New million dollar asphalt plant for Nevis; NIA road development programme to continue unhindered

Permanent Secretary in the Ministry of Communications Works Public Utilities and Posts on Nevis Mr. Ernie Stapleton
NIA-CHARLESTOWN NEVIS (May 18, 2011) — The Public Works Department on Nevis will finally be in a position to tackle unhindered, the extensive road development programme that the Nevis Island Administration (NIA) had instructed them to implement.

Permanent Secretary in the Ministry of Communications Works, Public Utilities and Posts Mr. Ernie Stapleton made that disclosure in an interview with the Department of Information on Tuesday less than 24 hours after a brand new EC$1.2million ADM asphalt plant arrived on Nevis. The new plant will replace a 14-year Parker made plant which had experienced extensive break downs and was no longer considered cost effective equipment.

“This asphalt plant according to the technical officers has been giving them some challenges having frequent break downs. The cost in terms of the maintenance of the plant is a challenge and it got to the point of frustration where you are in the middle of a road development or maintenance and the plant just gives out for whatever reason.

“So they [technical officers] have been appealing to the Ministry for a brand new asphalt plant. We lobbied the Nevis Island Administration, submitted a Cabinet Submission with regard to the asphalt plant, outlining clearly the benefits of a new asphalt plant. I am very happy that we have the brand new ADM Asphalt Plant here on the island of Nevis,” he explained.

According to Mr. Stapleton, the new 110ton asphalt plant will be of benefit to the people of Nevis because the road maintenance programme would continue uninterrupted and maintenance cost would be much less.

Sections of the new million dollar ADM asphalt plant at the Long Point Deep Water Harbour bound for Matty Bottom in New River

“One of the things about the new asphalt plant is that it would make the road works more efficient in the sense that in terms of the completion of these roads it should be quicker. The mix should be better… We are expecting that the quality of work should improve with regard to the actual paving itself…

“Many times we have to send certain sections of the plant or pieces of the plant to St. Kitts for repair work and all of this cost money and it costs time so we expect that the maintenance cost for this plant should greatly reduce our maintenance bill so we are happy about that… We had to get technical officers from as far as Europe to travel here to assist us in solving some of the issues that we had,” he said.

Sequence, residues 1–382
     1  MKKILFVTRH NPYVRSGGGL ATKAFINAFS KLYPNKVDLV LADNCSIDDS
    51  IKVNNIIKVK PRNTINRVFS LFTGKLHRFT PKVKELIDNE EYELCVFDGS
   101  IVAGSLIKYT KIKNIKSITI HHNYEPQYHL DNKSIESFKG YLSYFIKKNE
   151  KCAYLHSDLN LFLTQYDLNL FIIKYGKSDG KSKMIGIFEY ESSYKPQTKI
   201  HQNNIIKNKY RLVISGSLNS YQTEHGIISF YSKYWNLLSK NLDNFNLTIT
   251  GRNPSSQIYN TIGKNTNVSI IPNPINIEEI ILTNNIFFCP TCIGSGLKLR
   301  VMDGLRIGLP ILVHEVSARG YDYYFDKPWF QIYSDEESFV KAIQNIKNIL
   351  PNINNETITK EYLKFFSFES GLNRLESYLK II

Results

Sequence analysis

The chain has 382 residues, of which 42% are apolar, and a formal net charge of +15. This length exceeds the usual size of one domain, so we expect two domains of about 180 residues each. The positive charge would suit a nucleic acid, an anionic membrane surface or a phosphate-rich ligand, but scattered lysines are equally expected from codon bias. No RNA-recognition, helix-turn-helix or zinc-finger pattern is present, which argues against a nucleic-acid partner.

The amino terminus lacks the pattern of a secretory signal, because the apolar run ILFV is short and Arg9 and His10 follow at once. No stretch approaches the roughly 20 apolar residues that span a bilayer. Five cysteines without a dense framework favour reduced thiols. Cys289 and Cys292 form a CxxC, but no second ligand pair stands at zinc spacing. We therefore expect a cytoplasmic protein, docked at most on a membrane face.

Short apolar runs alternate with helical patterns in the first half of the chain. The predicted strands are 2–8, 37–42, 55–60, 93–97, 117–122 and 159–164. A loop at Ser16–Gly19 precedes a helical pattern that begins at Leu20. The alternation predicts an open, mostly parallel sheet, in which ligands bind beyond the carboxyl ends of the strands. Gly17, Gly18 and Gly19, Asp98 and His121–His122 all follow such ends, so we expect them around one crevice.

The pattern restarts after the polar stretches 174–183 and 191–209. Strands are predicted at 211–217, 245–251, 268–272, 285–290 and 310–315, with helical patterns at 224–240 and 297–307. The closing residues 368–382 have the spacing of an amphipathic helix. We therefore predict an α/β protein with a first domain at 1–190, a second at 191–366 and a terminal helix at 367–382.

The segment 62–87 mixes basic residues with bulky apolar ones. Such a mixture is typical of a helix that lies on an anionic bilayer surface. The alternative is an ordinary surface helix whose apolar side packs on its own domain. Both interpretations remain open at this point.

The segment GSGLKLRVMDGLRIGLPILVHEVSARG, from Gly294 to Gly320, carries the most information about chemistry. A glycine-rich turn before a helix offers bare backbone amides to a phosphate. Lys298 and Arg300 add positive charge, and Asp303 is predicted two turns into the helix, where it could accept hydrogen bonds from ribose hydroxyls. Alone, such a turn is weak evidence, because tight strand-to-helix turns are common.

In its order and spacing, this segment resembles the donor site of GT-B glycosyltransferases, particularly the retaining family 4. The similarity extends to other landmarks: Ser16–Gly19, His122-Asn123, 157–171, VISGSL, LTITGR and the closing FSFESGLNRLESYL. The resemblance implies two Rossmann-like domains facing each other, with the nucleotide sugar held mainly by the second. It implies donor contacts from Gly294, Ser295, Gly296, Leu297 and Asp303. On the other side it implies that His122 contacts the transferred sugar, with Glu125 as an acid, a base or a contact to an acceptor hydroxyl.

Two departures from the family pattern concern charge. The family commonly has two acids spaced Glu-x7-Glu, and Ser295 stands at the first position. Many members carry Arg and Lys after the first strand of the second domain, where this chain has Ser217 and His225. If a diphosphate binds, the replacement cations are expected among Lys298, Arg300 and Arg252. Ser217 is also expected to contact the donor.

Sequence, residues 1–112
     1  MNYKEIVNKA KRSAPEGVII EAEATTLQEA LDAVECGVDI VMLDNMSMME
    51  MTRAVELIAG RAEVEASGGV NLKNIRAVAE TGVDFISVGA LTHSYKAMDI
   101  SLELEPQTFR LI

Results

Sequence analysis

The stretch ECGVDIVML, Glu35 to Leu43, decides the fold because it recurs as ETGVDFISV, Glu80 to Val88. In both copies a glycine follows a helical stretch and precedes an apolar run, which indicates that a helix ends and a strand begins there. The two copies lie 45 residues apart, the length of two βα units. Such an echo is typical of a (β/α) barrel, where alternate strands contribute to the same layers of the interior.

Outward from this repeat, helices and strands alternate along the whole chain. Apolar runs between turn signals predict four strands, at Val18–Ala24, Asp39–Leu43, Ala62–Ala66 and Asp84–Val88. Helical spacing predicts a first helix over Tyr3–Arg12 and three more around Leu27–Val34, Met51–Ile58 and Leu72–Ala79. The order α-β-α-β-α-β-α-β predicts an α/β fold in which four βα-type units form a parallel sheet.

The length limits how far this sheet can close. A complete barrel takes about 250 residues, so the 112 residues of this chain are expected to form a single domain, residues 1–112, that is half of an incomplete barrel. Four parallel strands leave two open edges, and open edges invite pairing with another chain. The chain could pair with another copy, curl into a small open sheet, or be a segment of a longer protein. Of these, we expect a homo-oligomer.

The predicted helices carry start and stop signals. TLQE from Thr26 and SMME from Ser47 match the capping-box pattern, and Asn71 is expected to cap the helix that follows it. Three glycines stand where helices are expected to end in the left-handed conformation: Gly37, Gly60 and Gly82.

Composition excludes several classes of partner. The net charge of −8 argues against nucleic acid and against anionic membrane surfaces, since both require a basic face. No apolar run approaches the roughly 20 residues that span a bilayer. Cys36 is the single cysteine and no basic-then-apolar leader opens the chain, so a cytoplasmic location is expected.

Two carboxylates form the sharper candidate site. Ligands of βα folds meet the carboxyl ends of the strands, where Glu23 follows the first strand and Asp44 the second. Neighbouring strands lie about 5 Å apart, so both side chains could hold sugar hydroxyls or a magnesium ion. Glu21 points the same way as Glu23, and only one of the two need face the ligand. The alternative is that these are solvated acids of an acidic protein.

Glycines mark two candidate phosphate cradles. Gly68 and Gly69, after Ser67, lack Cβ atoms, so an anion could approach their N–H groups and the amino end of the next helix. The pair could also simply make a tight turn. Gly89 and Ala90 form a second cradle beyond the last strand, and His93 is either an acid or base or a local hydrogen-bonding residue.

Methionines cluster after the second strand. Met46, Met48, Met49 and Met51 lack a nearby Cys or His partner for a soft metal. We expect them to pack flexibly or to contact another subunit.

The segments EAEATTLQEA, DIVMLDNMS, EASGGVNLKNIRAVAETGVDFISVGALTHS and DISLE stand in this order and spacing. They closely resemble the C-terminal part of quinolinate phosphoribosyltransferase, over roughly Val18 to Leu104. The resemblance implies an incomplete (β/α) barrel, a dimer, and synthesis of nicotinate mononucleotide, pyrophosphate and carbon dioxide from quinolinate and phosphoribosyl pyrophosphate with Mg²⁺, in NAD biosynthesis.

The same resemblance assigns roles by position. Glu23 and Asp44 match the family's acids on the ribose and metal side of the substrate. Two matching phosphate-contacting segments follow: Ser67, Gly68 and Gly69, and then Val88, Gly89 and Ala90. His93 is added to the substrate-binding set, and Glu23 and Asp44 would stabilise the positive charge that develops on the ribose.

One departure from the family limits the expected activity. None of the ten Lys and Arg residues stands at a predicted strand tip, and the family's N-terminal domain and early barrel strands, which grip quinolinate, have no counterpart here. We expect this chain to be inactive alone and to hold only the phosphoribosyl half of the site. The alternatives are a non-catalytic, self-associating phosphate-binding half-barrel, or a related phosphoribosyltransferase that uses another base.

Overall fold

Notwithstanding, Mr. Stapleton noted that the staff would be exposed to training in keeping with an ongoing staff training programme. So far some of the Public Works personnel travelled to Kentucky in the United States for training including asphalt mixing.

With regard to the new plant, Mr. Stapleton said two technical officers had travelled to Miami to ensure it adequately met the needs of the Department before a final determination was made for purchase and some back up technical assistance in that regard was also sought from a private company.

He further added that there were a number of ADM asphalt plants in the Federation and workers from the PWD had travelled to St. Kitts to look at them in operation since it would be operating under a similar environment in Nevis.

Installation of the new plant is expected to commence shortly at the existing location in Matty Bottom, New River and the Department’s technical staff is currently engaged in preparation for installation.

Public Works Department technicians engage in repair works on the 14 year old Parker asphalt plant at Matty Bottom in New River

“Once the plant is installed we expect a couple technical officers to travel to Nevis to provide training for our guys in the operation of the plant. So additional training would be provided with regard to the operation of this new ADM Asphalt Plant,” Mr. Stapleton said.
The Permanent Secretary also noted that the plant was bought from the United States as opposed to Europe due to cost considerations, ease of access to parts and technical assistance.

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